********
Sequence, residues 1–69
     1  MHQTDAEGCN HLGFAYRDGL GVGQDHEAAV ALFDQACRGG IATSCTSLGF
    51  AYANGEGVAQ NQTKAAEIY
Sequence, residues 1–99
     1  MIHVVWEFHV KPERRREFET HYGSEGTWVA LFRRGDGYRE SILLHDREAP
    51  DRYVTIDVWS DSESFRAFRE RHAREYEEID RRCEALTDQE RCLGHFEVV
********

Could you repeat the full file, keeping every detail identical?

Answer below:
Sequence, residues 1–69
     1  MHQTDAEGCN HLGFAYRDGL GVGQDHEAAV ALFDQACRGG IATSCTSLGF
    51  AYANGEGVAQ NQTKAAEIY
Sequence, residues 1–99
     1  MIHVVWEFHV KPERRREFET HYGSEGTWVA LFRRGDGYRE SILLHDREAP
    51  DRYVTIDVWS DSESFRAFRE RHAREYEEID RRCEALTDQE RCLGHFEVV